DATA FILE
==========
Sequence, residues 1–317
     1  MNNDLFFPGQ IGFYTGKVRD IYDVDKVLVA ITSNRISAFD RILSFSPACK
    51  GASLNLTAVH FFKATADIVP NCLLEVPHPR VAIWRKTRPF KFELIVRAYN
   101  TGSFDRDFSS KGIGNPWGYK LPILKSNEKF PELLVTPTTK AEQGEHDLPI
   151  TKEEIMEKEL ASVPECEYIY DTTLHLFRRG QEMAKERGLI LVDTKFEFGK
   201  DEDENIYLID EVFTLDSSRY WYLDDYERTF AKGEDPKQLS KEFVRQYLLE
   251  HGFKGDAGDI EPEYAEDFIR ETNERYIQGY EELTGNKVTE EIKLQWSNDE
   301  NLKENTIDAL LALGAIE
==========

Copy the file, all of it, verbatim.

Sequence, residues 1–317
     1  MNNDLFFPGQ IGFYTGKVRD IYDVDKVLVA ITSNRISAFD RILSFSPACK
    51  GASLNLTAVH FFKATADIVP NCLLEVPHPR VAIWRKTRPF KFELIVRAYN
   101  TGSFDRDFSS KGIGNPWGYK LPILKSNEKF PELLVTPTTK AEQGEHDLPI
   151  TKEEIMEKEL ASVPECEYIY DTTLHLFRRG QEMAKERGLI LVDTKFEFGK
   201  DEDENIYLID EVFTLDSSRY WYLDDYERTF AKGEDPKQLS KEFVRQYLLE
   251  HGFKGDAGDI EPEYAEDFIR ETNERYIQGY EELTGNKVTE EIKLQWSNDE
   301  NLKENTIDAL LALGAIE